At times during the 90's and 00's we'll see some serious inconsistencies in whether Wolverine is depicted as the violent killer he was introduced as, or as the zen master teaching a younger generations of heroes to contain their violent urges. Personally I like it when writers tackle this dichotomy head-on, by portraying him as fascinated by zen meditation and the like, and trying his hardest to adhere to live by those rules, but who will never truly shake his animalistic rage. That's why I think his characterization in Schism and Death of Wolverine works. Although he'll never give up trying, part of him thinks of himself as a lost cause. His greatest goal should be preventing others from becoming like him.
Posted by: Berend | June 1, 2015 5:47 PM
Alan Davis got a writer credit or co-credit on some of the UK Captain Britain work he did, but i'm not sure how much of that, if any, really included scripting. He also got a co-plotting credit with Claremont on two issues of Excalibur. But with those caveats noted, this seems to be Alan Davis' first full writing effort on a Marvel universe title.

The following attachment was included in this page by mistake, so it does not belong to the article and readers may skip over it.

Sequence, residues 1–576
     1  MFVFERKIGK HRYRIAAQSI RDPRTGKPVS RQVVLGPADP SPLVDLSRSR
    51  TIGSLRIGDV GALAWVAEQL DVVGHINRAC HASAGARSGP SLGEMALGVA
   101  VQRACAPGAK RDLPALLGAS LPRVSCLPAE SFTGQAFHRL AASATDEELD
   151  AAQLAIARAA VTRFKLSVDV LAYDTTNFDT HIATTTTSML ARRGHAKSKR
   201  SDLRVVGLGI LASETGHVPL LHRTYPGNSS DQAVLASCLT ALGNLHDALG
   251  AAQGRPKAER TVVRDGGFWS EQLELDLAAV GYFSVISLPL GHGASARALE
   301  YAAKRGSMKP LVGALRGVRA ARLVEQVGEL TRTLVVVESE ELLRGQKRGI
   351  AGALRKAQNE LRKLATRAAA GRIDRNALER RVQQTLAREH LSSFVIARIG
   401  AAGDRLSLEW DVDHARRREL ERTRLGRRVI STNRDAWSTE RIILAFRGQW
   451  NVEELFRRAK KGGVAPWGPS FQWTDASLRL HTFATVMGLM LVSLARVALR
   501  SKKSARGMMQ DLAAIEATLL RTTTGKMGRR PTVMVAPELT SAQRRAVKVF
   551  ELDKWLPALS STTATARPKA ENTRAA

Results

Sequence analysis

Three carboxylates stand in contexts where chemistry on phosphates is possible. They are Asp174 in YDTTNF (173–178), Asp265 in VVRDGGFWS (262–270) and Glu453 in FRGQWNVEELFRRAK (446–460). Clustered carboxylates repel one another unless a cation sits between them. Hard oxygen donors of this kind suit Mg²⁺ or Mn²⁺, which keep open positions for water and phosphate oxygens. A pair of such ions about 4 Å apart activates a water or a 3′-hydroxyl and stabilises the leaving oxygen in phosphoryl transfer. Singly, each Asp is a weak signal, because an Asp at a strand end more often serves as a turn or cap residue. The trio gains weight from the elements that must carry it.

I don't quite get this comment...? Davis was credited as the sole writer for the last couple of Captain Britain stories Marvel UK published. (And those were actually quite well-written stories, Davis did a nice little finale for the series when it was cancelled.) Since no one else was credited for those stories, he must've done the scripting as well. So this Wolverine story is not his first full writing job for Marvel.
Posted by: Tuomas | June 11, 2015 3:49 PM
Just change it to 'first full writing effort on a US Marvel universe title' and it would be correct... ;)
Posted by: Harry | June 11, 2015 5:00 PM
That's kind of what i was going for but i've clarified it. Thanks guys.
Posted by: fnord12 | June 11, 2015 7:52 PM
When this book was previewed in Amazing Heroes #184, the Yeti were called "Siberian lycanthropes".
Posted by: Mark Drummond | June 16, 2015 10:26 AM
The attack on the human camp by the renegade Neuri may be Davis' take on the mystery known as Dyatlov Pass incident, where nine hikers were found dead by "unknown comnpelling force" in 1959 in northern Ural Mountains.
Posted by: Teemu | August 17, 2015 5:47 PM
these bigfoot guys come back in Excalibur, when Meggan's true origin is revealed during the Alan Davis run.
Posted by: joshua corum | September 17, 2016 8:37 PM